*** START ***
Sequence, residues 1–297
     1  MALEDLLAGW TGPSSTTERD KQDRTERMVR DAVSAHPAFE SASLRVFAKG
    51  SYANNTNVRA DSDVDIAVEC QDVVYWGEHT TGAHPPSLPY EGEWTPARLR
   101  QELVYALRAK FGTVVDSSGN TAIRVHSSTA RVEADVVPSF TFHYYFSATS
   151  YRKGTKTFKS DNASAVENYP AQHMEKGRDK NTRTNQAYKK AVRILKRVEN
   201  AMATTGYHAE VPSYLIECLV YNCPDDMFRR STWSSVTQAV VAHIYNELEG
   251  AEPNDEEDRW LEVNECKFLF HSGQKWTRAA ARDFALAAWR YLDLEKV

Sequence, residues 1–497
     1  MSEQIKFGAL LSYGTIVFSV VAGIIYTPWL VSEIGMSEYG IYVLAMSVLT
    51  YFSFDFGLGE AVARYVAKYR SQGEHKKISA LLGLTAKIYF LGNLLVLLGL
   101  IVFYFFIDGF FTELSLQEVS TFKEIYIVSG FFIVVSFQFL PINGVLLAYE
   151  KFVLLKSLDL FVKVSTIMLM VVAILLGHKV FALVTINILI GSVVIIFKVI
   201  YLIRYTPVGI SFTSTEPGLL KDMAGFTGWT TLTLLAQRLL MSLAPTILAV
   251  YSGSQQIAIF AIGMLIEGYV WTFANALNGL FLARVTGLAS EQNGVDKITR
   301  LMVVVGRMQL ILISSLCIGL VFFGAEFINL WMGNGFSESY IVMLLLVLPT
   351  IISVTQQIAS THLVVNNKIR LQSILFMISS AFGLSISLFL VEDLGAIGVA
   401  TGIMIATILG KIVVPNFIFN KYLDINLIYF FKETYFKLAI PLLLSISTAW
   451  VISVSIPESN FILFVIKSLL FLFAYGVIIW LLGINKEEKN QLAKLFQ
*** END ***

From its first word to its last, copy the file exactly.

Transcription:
Sequence, residues 1–297
     1  MALEDLLAGW TGPSSTTERD KQDRTERMVR DAVSAHPAFE SASLRVFAKG
    51  SYANNTNVRA DSDVDIAVEC QDVVYWGEHT TGAHPPSLPY EGEWTPARLR
   101  QELVYALRAK FGTVVDSSGN TAIRVHSSTA RVEADVVPSF TFHYYFSATS
   151  YRKGTKTFKS DNASAVENYP AQHMEKGRDK NTRTNQAYKK AVRILKRVEN
   201  AMATTGYHAE VPSYLIECLV YNCPDDMFRR STWSSVTQAV VAHIYNELEG
   251  AEPNDEEDRW LEVNECKFLF HSGQKWTRAA ARDFALAAWR YLDLEKV

Sequence, residues 1–497
     1  MSEQIKFGAL LSYGTIVFSV VAGIIYTPWL VSEIGMSEYG IYVLAMSVLT
    51  YFSFDFGLGE AVARYVAKYR SQGEHKKISA LLGLTAKIYF LGNLLVLLGL
   101  IVFYFFIDGF FTELSLQEVS TFKEIYIVSG FFIVVSFQFL PINGVLLAYE
   151  KFVLLKSLDL FVKVSTIMLM VVAILLGHKV FALVTINILI GSVVIIFKVI
   201  YLIRYTPVGI SFTSTEPGLL KDMAGFTGWT TLTLLAQRLL MSLAPTILAV
   251  YSGSQQIAIF AIGMLIEGYV WTFANALNGL FLARVTGLAS EQNGVDKITR
   301  LMVVVGRMQL ILISSLCIGL VFFGAEFINL WMGNGFSESY IVMLLLVLPT
   351  IISVTQQIAS THLVVNNKIR LQSILFMISS AFGLSISLFL VEDLGAIGVA
   401  TGIMIATILG KIVVPNFIFN KYLDINLIYF FKETYFKLAI PLLLSISTAW
   451  VISVSIPESN FILFVIKSLL FLFAYGVIIW LLGINKEEKN QLAKLFQ